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Old 03-27-2013, 05:35 PM   #1
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Strange Tank Goings-on

Hello,
I was hoping that someone could give me answers as to the condition of my tank. It's a 20gal and has been set up for probably three years. I stocked it about a week ago with four blue ram cichlids and a pleco, after the previous inhabitant (a black convict) died from a very bad case of parasitic and possibly fungal issues. I scrubbed the tank and siphoned half of the water out, treated the water with medicine and conditioner, and let it run with a carbon filter for a week. At the moment, the fish seem healthy enough, if not very active, but there's a lot of tank issues that I've never had before. There's a film on the top of the water, with bubbles trapped. bubbles are now on the rock that's growing algae, and there are small white dot-stringy things on the side of the tank that I believe is more of the parasite/fungus problem. I also believe that my pH is too high, but what could be causing the bubbles and fungus, and any ideas on how I can fix it?
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Old 03-27-2013, 08:43 PM   #2
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Welcome to AA!!! Ok, lets try and figure out whats going on here. Do you have liquid tests for ammonia, nitrite, nitrate & ph? What do these read? What type of meds/other products have you added to the tank (specifically)? What type of water change schedule do you have? Can you post a pic of what you are seeing so we may be able to help ID it? Thanks!
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Old 03-28-2013, 01:10 AM   #3
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JLK:

Quote:
Originally Posted by jlk View Post
Welcome to AA!!! Ok, lets try and figure out whats going on here. Do you have liquid tests for ammonia, nitrite, nitrate & ph? What do these read? What type of meds/other products have you added to the tank (specifically)? What type of water change schedule do you have? Can you post a pic of what you are seeing so we may be able to help ID it? Thanks!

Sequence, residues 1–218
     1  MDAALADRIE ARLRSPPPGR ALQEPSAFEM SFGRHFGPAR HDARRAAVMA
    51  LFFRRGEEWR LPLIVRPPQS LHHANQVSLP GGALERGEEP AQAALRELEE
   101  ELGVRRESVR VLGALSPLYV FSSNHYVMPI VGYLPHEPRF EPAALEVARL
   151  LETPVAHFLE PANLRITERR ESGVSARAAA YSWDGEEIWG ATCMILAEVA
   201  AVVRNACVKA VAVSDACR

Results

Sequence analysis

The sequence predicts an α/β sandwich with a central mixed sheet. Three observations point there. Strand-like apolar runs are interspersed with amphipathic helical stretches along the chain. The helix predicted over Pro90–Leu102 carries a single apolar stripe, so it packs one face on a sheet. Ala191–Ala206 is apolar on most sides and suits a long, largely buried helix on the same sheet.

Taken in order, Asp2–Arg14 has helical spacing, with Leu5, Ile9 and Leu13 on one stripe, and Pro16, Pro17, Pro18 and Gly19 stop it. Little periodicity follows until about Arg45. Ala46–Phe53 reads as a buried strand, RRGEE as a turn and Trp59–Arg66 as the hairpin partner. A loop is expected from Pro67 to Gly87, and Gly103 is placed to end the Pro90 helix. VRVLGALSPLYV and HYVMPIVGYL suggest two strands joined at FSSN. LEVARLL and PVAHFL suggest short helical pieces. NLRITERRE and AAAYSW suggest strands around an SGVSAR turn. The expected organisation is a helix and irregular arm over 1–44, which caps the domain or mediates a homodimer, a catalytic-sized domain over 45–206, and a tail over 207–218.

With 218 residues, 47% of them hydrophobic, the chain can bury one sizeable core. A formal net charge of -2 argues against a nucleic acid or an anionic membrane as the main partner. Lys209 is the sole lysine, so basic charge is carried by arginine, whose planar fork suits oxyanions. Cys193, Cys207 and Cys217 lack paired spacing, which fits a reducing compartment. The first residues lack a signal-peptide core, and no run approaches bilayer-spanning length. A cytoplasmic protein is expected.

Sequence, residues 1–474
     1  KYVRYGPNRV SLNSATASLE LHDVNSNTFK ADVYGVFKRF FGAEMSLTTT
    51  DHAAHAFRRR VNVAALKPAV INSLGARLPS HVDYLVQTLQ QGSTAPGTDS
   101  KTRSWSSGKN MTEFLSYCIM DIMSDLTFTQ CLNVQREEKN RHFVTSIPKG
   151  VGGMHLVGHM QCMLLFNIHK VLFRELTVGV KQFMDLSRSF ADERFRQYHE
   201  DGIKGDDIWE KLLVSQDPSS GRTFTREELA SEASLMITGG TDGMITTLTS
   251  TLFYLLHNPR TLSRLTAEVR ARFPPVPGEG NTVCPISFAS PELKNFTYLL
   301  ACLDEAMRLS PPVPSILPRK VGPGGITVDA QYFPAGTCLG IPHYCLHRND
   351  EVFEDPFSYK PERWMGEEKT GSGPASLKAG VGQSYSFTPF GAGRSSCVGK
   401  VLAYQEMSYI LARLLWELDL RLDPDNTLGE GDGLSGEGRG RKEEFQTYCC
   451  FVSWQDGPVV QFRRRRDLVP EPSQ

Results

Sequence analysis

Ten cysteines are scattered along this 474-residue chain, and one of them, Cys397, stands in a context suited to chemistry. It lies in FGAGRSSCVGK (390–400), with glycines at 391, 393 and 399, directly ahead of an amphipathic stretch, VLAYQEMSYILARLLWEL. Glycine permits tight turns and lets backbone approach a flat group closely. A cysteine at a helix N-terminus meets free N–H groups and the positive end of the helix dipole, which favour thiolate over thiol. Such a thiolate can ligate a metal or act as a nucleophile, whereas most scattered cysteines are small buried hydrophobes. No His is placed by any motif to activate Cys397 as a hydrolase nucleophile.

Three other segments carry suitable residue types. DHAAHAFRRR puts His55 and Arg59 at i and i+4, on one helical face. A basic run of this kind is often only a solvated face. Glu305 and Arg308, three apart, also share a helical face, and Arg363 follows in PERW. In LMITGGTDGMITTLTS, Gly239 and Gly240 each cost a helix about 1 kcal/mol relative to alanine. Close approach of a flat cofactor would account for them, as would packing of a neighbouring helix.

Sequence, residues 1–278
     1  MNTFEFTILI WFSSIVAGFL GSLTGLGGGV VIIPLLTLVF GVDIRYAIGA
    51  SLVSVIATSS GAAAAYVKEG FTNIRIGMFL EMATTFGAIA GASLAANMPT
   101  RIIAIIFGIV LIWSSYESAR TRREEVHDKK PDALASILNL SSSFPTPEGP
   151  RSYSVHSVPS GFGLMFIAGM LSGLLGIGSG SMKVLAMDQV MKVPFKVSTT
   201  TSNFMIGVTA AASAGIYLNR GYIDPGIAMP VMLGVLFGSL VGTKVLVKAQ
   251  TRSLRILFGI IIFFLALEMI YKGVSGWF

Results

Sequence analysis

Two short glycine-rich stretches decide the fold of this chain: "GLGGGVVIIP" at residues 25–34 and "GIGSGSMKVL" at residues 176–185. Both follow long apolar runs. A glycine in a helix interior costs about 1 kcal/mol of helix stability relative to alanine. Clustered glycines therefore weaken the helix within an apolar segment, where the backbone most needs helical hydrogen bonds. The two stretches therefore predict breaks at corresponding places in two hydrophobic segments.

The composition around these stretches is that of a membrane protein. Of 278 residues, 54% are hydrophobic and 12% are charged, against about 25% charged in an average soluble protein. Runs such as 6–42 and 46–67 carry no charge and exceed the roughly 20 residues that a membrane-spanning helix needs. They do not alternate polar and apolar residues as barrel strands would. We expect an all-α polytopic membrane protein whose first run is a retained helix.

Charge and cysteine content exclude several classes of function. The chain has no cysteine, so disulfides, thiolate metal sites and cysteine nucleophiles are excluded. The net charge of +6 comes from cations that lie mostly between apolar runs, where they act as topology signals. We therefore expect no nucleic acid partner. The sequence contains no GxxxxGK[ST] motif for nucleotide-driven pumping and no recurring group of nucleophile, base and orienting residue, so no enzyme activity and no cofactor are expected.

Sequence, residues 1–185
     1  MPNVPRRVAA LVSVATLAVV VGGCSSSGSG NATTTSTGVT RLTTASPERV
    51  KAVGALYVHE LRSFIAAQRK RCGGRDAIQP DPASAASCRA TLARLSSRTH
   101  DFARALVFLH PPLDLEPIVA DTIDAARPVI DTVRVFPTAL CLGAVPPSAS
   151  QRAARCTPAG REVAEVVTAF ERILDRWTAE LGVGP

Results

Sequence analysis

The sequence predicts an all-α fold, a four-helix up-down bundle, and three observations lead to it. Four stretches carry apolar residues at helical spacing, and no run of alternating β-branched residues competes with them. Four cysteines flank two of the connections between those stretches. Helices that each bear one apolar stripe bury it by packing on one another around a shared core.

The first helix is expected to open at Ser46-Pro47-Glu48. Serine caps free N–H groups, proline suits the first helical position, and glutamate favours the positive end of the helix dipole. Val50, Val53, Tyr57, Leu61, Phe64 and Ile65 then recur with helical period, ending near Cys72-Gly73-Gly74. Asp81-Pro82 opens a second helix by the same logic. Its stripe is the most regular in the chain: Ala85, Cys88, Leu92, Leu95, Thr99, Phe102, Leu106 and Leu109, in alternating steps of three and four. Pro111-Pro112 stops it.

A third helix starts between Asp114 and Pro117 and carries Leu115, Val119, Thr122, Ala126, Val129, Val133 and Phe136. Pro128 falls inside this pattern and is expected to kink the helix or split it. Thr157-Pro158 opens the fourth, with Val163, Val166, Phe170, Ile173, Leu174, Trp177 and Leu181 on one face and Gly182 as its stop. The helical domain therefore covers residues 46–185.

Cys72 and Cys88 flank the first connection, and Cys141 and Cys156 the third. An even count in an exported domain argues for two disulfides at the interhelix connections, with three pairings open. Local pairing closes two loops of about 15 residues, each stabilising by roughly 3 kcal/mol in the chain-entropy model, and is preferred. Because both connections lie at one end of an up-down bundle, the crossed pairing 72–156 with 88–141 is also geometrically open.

I don't have any tips handy but I can bring some water into work tomorrow to test. I tested the water before I added the new fish and everything was reading good, with the exception of a highish pH (I've read that Blue Rams prefer a lower pH). I'll let you know tomorrow what everything's reading. I added all I could find when I discovered that my convict was ill - I used it up and threw away the bottle, but I know that it was an ich-specific but was also supposed to help with other parisitic issues. It was a month expired, I think, but it was all I had and it was too late to get anything else. After my fish died and I removed him and the pleco, I scrubbed the filter out and the tank as well, and changed fifty percent of the water. I added new water, API StressZyme, and waited a couple of days to put the pleco back in. I tested a water sample a few days later and everything was reading pretty normal, and when everything in the tank was looking good a few days after that I brought home the four Blue Rams. I live in an area with hard water, and I've never treated the tank with StressZyme before because my fish have never had a problem with it. If I can figure out how to include pictures, I will.

Okay, I tried uploading them to this website in an album after Photobucket didn't work, but it still said that i was using a 'remote location.' How can I upload pics to a post? I'll keep the ones in a the album up still with explanations, but I would like to know...


I don't think that the illness that was in my tank is quite eliminated, but knowing what I should be treating for would be nice. My convict had thick cottony growth, and cloudy eyes. (The female Ram from above has spots of cottony white on her tail and all the fish are a weird colour right now.)